Cavs Join Gators, 'Cats, Shockers As No. 1 Seeds - 8NEWS - WRIC | News Where You Live

Cavs Join Gators, 'Cats, Shockers As No. 1 Seeds

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Virginia joined Florida, Wichita State and Arizona as a No. 1 seed Sunday when the selection committee announced the pairings for the NCAA tournament.

The Cavaliers, widely considered a 2 or 3 seed in many mock-ups of the bracket, instead vaulted to the top of the East region. They won the ACC regular-season and tournament titles.

March Madness begins Tuesday with a pair of "First Four" games in Dayton, Ohio.

The Gators bring a 26-game winning streak into the tournament. They are seeded first in the South and are the No. 1 seed overall.

Wichita State, the top seed in the Midwest, comes in at 34-0 - the first team to enter the tournament undefeated since UNLV in 1991.

The Final Four starts April 5 in Arlington, Texas.

 

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NEW YORK (AP) -- Langston Galloway's legs should have been aching after playing three games in three days and every minute against VCU's press.

The only thing the Saint Joseph's senior could feel was how close he was to winning an Atlantic 10 tournament championship. Galloway stepped back to hit yet another huge 3-pointer, giving the Hawks the lead for good in their 65-61 win over the 23rd-ranked Rams in Sunday's final.

Fourth-seeded Saint Joseph's (24-9) arrived in Brooklyn on the NCAA tournament bubble. The Hawks all but clinched an at-large berth with a victory over fellow bubble team Dayton in Friday's quarterfinals on Galloway's go-ahead 3 with 17.9 seconds left. Then they made that moot by capturing the conference's automatic bid for the first time since 1997.

Galloway scored 19 points Sunday and broke a 54-54 tie with a 3 with more than two minutes left.

He and Halil Kanacevic played all 40 minutes against the second-seeded Rams' frenetic defense.

"Those guys are tough guys," VCU coach Shaka Smart said. "As seniors, they stepped up."

Kanacevic won MVP honors after setting a tournament record with 43 rebounds in three games.

"We could go play another 40 if I got to feel this way again," Kanacevic said after cutting down the nets.

All five St. Joe's starters played at least 37 minutes - including the entire second half. Coach Phil Martelli made a note to himself before the game to get his subs some time in the first, but when they struggled in brief action, he knew riding his regulars gave Saint Joseph's its best chance to win a championship.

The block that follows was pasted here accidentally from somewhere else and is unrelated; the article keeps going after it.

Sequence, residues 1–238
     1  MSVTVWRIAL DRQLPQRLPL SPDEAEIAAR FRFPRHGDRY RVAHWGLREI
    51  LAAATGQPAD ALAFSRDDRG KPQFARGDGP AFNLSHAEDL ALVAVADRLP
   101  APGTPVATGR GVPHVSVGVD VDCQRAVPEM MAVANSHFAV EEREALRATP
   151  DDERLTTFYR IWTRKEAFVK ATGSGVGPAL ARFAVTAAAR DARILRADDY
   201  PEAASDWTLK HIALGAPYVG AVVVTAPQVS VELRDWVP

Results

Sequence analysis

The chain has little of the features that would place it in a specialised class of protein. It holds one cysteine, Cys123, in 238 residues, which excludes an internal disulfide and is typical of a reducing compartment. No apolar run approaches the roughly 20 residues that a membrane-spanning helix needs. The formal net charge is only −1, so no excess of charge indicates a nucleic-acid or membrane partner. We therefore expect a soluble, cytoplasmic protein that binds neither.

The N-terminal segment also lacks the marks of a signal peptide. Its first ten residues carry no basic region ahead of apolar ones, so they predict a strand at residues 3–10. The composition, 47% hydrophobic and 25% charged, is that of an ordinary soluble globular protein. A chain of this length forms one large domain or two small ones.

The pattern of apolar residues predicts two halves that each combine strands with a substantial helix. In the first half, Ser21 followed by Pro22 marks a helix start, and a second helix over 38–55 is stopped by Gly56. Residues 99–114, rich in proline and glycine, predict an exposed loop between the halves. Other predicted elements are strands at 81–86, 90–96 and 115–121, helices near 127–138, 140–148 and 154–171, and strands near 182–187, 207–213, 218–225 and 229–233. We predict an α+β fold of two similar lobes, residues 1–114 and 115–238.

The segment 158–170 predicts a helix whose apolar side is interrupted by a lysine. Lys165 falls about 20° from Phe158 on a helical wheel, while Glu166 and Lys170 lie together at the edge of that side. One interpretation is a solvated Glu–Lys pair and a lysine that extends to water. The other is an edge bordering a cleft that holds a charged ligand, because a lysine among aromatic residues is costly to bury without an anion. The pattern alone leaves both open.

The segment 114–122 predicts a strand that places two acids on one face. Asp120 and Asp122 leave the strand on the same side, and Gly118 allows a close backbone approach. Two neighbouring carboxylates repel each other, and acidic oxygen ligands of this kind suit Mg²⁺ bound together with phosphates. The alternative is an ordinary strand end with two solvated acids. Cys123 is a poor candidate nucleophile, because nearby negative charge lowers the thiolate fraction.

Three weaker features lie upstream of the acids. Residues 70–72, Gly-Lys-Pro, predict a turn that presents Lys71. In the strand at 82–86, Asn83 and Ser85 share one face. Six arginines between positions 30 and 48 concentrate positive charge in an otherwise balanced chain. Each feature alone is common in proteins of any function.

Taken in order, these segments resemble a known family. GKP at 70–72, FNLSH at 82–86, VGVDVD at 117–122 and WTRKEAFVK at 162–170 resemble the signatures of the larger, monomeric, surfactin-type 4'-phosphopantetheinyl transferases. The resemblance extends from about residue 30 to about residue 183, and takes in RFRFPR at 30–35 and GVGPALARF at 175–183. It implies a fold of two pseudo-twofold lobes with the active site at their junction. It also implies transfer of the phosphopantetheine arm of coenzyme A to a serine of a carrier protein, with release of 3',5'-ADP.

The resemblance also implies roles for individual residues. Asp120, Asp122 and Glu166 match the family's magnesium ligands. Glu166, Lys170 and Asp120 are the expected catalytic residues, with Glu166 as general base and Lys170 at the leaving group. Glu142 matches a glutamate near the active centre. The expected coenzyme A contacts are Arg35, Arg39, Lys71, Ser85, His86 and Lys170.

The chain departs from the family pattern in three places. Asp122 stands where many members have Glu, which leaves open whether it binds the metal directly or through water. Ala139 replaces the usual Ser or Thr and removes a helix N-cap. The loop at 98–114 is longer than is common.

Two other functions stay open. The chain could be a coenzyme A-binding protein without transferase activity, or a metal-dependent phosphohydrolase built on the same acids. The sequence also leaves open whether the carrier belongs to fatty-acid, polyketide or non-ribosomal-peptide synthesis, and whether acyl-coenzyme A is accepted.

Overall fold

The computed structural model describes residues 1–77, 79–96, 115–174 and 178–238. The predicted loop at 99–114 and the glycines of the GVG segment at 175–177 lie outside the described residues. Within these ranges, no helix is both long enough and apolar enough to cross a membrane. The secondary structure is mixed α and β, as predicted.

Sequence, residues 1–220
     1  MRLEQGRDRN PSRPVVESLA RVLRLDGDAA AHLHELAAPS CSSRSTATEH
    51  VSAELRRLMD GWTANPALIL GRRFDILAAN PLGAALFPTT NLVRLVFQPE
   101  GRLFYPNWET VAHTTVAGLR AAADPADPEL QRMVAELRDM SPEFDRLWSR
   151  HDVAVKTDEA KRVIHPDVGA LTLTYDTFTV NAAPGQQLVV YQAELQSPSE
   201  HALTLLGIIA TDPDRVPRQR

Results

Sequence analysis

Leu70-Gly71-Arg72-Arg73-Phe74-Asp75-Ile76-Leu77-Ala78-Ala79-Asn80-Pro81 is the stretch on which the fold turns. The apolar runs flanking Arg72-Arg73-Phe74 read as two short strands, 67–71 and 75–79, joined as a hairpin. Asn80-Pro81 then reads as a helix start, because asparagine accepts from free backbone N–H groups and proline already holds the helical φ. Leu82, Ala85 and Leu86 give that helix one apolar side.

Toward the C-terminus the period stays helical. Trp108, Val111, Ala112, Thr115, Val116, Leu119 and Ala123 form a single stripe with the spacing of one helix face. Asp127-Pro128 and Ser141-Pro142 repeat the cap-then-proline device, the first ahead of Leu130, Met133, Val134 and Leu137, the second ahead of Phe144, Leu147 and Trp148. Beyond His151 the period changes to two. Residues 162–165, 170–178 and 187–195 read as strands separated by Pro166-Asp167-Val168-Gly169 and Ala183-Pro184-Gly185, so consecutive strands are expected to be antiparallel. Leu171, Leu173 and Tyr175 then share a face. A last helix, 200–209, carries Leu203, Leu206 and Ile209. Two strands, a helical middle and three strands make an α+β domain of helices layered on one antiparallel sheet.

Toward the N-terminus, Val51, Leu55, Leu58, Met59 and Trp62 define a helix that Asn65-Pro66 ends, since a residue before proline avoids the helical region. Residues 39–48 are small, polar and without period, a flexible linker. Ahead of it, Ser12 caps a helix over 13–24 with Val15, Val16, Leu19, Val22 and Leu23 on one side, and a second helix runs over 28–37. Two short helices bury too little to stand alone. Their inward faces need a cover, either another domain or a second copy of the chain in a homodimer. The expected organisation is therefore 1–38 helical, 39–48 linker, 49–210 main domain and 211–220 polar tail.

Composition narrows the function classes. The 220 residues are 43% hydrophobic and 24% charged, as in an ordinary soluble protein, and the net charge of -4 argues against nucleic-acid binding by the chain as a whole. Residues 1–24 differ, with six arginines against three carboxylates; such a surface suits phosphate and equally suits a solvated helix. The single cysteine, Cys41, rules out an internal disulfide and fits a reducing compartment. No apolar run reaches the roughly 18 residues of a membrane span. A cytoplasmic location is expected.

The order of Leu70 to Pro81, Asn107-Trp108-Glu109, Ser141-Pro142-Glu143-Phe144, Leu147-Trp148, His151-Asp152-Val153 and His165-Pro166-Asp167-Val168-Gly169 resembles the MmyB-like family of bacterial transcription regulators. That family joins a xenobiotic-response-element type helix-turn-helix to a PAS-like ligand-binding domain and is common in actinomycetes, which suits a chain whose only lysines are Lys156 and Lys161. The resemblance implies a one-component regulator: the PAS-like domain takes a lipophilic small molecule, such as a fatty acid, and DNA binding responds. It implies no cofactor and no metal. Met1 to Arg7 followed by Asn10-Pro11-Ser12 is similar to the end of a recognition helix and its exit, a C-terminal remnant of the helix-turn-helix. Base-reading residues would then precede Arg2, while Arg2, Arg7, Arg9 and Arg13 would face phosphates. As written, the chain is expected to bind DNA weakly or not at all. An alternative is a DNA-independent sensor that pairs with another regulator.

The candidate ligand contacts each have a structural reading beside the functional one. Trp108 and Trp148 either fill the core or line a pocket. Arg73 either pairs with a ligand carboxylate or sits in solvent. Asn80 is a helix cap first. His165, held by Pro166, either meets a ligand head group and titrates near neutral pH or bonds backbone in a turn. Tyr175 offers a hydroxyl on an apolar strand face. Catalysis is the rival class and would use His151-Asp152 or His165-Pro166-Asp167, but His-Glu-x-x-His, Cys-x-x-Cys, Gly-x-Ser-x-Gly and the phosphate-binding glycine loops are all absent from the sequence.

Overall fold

It helps that the media timeouts in the tournament seem to last forever, offering players some extra rest - Martelli quipped Saturday that "I got engaged in less time."

Ronald Roberts, the Hawks' third senior starter, had 15 points on 6-of-6 shooting and 11 rebounds.

The Rams (26-8) have reached the A-10 tourney finals in both years in the league, losing each time. Rob Brandenberg led VCU with 18 points, but Galloway got just enough separation on him to make the go-ahead 3. Galloway used his forearm to create some space on the shot against Dayton; this time, he simply faked a drive and stepped back.

"I didn't get close to pushing off so nobody would disagree with that," he said with a grin.

Briante Weber missed a 3 on the other end, and the Hawks broke down the Rams' pressure for Roberts' dunk on a pass from DeAndre Bembry for a 59-54 lead.

Bembry, a freshman, had a brilliant defensive game and a horrific offensive showing in Saturday's semifinals. But against VCU's "Havoc" full-court press, he kept his poise, scoring 13 points with eight assists and just two turnovers.

The Rams were without A-10 sixth man of the year Melvin Johnson, who hurt his left knee Saturday and is scheduled for an MRI back in Richmond on Monday. They missed his 3-point shooting, making just 5 of 19 from beyond the arc. And they couldn't finish several high-percentage attempts much closer to the rim, including a dunk and layup in transition.

"We didn't put enough of them away when we had good looks," Smart said.

Kanacevic, a forward from nearby Staten Island, had 11 points, 14 rebounds, four assists and two blocks. Earlier in his career, he kept racking up technical fouls, but he's channeled that fire into a leadership role.

"I think he's a pain in the neck - I'm glad he's my pain," Martelli said.

For all of the Hawks' success in 19 seasons under Martelli, he had won only one A-10 tourney title before Sunday, and that came 17 years ago. But he knew this would be a special group last summer, when the team gathered before a four-game tour of Italy.

Martelli pulled a "Pope-blessed" ring from his pocket, a souvenir of that trip and his good luck charm on the sideline. It was obvious when he observed his players off the court in Rome, the coach said, that they had "championship character."

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